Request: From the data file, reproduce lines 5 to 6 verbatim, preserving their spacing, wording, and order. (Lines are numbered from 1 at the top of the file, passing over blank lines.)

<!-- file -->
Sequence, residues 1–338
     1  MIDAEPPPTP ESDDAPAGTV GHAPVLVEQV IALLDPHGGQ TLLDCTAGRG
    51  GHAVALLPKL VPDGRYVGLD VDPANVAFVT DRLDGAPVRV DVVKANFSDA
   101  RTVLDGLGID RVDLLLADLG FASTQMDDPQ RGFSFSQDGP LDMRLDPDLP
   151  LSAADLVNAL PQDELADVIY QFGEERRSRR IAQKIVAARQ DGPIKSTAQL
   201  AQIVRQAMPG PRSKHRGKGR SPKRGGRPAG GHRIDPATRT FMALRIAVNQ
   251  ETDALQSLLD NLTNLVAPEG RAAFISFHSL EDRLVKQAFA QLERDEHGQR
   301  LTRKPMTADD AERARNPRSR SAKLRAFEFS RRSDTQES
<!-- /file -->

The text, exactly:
   151  LSAADLVNAL PQDELADVIY QFGEERRSRR IAQKIVAARQ DGPIKSTAQL
   201  AQIVRQAMPG PRSKHRGKGR SPKRGGRPAG GHRIDPATRT FMALRIAVNQ